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Old 10-03-2010, 09:27 PM   #1
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concrete countertops


After seeing many diy concrete counters being done on tv, I decided to take on a project of my own. The original plan was to paint the existing cabinets and then make my own concrete counter tops. However, once i was done painting the cabinets I decided that I wasn't too crazy about them. I figured if I am going to redo the counter, then I might as wall buy new cabinets. Since I was buying new cherry cabinets, they no longer matched the pine board ceiling. So I ripped down the ceiling, re-did the lighting, modified the soffit, ran duct work in the soffit for a new hood and hung new drywall. I figured that while I had the base cabinets out I might as well replace rip up tiles and ad new 3/4" underlayment because the floor only had 1 layer of underlayment under the tiles.

Now after about a year of researching concrete counters the time has come for their production. so I will post pics of my progress to let people know of my experience.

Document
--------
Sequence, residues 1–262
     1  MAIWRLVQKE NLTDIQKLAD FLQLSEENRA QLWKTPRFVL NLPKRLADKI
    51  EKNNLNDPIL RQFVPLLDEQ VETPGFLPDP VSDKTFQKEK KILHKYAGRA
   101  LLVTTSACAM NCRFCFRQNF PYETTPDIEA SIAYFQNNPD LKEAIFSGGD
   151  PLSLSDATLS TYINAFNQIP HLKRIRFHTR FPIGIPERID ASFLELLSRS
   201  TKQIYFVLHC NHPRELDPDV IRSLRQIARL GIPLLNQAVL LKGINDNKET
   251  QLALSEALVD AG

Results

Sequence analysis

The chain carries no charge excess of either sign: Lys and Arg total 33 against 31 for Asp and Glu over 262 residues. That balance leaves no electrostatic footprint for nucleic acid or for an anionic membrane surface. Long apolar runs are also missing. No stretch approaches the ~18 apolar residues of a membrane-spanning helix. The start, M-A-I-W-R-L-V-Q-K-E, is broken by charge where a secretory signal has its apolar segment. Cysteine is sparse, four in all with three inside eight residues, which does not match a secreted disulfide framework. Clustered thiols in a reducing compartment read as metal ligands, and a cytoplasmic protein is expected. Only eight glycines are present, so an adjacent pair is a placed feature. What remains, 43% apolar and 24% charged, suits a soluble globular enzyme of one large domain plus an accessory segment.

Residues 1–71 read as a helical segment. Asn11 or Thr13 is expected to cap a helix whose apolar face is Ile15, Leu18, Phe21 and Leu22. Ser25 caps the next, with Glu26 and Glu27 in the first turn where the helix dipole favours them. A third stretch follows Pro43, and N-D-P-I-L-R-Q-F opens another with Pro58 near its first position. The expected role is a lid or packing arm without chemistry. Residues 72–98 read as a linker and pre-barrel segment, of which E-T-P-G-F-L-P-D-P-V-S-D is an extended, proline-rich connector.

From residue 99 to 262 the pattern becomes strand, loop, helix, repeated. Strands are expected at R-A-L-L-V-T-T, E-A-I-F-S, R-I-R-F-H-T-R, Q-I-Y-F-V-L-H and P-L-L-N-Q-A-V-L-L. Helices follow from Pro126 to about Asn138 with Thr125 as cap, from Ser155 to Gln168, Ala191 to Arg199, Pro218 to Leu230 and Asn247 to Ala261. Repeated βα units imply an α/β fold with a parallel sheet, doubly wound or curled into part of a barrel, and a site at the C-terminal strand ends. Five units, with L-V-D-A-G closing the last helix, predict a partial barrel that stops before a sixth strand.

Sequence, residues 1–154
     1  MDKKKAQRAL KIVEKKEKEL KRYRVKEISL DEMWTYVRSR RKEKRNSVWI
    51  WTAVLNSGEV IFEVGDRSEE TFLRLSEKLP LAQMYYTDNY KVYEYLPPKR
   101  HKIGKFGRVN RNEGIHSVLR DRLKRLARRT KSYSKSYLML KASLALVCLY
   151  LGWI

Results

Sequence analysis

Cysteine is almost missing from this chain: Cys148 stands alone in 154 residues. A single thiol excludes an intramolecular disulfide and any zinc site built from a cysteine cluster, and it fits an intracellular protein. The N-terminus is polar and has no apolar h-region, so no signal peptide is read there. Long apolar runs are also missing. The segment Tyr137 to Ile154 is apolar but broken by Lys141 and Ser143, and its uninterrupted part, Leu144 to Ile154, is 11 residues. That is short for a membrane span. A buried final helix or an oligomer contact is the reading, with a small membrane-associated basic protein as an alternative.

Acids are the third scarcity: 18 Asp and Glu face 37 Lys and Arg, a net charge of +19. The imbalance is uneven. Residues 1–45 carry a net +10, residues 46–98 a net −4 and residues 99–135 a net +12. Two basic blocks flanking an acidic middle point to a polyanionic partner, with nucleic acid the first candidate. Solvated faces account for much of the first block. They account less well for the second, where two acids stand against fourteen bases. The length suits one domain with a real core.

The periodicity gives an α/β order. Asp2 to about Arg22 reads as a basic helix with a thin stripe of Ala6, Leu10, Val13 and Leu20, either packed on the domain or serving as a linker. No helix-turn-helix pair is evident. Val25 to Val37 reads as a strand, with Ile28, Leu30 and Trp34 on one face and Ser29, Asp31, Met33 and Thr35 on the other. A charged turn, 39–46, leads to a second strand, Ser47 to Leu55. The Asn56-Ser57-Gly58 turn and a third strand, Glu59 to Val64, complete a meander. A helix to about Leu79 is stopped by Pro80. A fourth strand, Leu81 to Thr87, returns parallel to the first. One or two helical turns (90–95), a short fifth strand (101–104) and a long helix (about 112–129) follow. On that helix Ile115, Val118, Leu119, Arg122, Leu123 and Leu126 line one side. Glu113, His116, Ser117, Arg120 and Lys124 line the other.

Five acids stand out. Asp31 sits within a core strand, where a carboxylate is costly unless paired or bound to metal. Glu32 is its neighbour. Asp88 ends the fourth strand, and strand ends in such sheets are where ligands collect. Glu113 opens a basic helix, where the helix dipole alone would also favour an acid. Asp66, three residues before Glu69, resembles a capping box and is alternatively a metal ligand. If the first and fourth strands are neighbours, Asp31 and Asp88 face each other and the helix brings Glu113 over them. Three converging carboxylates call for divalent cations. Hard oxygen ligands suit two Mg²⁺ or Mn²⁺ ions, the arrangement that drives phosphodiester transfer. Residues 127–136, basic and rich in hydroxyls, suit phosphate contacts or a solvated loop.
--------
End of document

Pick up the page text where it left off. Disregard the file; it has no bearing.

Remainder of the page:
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Old 10-03-2010, 10:03 PM   #2
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I only built one bench for the precast form to fit on and it was for the island counter which is 36" x81". I needed a place to build my second mold where the sink will go,so I decided to build a form on the floor. I built a 2x4 platform and shimed it perfectly level.then covered it with 1/2"mdo, which i had hanging around in my basement. Then covered it with melamine panel board.The side walls are 1-1/2" melamine particle board.
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Old 10-03-2010, 10:20 PM   #3
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the bottom cabinets are the new ones. I didnt buy all the top ones yet. I just wanted to get the bottom ones in so i could do the counters. I bought cabinets with solid plywood carcasses for additional support but when i got them i added more support because there was only a 1/4" panel in the back. I just added 1/2" ply to the back of each cabinet. The island in photo has the old counter top from what used to be a peninsula, it works for now. The island will be 1 pour. The back wall where the window is will be done in 3 segments. for 2 reasons. With a large cutout for the sink i didnt want it to break in transport from my basement...it is 12' long. I also figured that if I screwed up the sink and had to remake it, it would only be a small piece to redo.
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Old 10-04-2010, 09:26 AM   #4
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Cool, I'll be following this thread!